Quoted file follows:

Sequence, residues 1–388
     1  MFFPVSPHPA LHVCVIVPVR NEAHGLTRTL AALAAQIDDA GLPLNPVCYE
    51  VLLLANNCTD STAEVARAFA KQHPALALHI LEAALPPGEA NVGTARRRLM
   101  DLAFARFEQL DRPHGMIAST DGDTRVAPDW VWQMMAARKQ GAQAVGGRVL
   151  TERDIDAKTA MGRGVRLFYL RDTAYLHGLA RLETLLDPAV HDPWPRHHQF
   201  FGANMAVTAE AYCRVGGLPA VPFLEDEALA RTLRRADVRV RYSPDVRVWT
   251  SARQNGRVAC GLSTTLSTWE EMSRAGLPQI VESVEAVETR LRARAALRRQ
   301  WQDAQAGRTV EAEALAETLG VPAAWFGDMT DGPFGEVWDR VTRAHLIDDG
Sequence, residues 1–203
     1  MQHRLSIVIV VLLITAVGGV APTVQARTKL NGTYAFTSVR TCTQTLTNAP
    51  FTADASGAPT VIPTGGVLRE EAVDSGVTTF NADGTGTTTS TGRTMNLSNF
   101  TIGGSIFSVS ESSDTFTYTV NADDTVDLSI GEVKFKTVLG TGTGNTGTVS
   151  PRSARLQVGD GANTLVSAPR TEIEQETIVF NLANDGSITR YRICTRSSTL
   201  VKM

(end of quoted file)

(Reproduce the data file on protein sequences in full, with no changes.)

Sequence, residues 1–388
     1  MFFPVSPHPA LHVCVIVPVR NEAHGLTRTL AALAAQIDDA GLPLNPVCYE
    51  VLLLANNCTD STAEVARAFA KQHPALALHI LEAALPPGEA NVGTARRRLM
   101  DLAFARFEQL DRPHGMIAST DGDTRVAPDW VWQMMAARKQ GAQAVGGRVL
   151  TERDIDAKTA MGRGVRLFYL RDTAYLHGLA RLETLLDPAV HDPWPRHHQF
   201  FGANMAVTAE AYCRVGGLPA VPFLEDEALA RTLRRADVRV RYSPDVRVWT
   251  SARQNGRVAC GLSTTLSTWE EMSRAGLPQI VESVEAVETR LRARAALRRQ
   301  WQDAQAGRTV EAEALAETLG VPAAWFGDMT DGPFGEVWDR VTRAHLIDDG
Sequence, residues 1–203
     1  MQHRLSIVIV VLLITAVGGV APTVQARTKL NGTYAFTSVR TCTQTLTNAP
    51  FTADASGAPT VIPTGGVLRE EAVDSGVTTF NADGTGTTTS TGRTMNLSNF
   101  TIGGSIFSVS ESSDTFTYTV NADDTVDLSI GEVKFKTVLG TGTGNTGTVS
   151  PRSARLQVGD GANTLVSAPR TEIEQETIVF NLANDGSITR YRICTRSSTL
   201  VKM